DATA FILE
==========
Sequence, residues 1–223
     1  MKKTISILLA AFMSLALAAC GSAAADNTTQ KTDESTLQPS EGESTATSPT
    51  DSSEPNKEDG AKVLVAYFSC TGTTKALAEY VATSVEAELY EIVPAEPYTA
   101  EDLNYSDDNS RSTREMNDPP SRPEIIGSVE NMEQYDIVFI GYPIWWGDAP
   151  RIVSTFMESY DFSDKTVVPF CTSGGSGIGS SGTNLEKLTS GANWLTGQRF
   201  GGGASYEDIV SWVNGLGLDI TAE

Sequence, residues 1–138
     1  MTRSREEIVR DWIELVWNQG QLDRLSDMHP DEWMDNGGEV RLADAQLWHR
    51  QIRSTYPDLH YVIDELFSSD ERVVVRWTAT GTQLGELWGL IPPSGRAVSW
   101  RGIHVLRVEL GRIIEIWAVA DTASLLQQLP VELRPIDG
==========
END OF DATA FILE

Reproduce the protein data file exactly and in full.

Sequence, residues 1–223
     1  MKKTISILLA AFMSLALAAC GSAAADNTTQ KTDESTLQPS EGESTATSPT
    51  DSSEPNKEDG AKVLVAYFSC TGTTKALAEY VATSVEAELY EIVPAEPYTA
   101  EDLNYSDDNS RSTREMNDPP SRPEIIGSVE NMEQYDIVFI GYPIWWGDAP
   151  RIVSTFMESY DFSDKTVVPF CTSGGSGIGS SGTNLEKLTS GANWLTGQRF
   201  GGGASYEDIV SWVNGLGLDI TAE

Sequence, residues 1–138
     1  MTRSREEIVR DWIELVWNQG QLDRLSDMHP DEWMDNGGEV RLADAQLWHR
    51  QIRSTYPDLH YVIDELFSSD ERVVVRWTAT GTQLGELWGL IPPSGRAVSW
   101  RGIHVLRVEL GRIIEIWAVA DTASLLQQLP VELRPIDG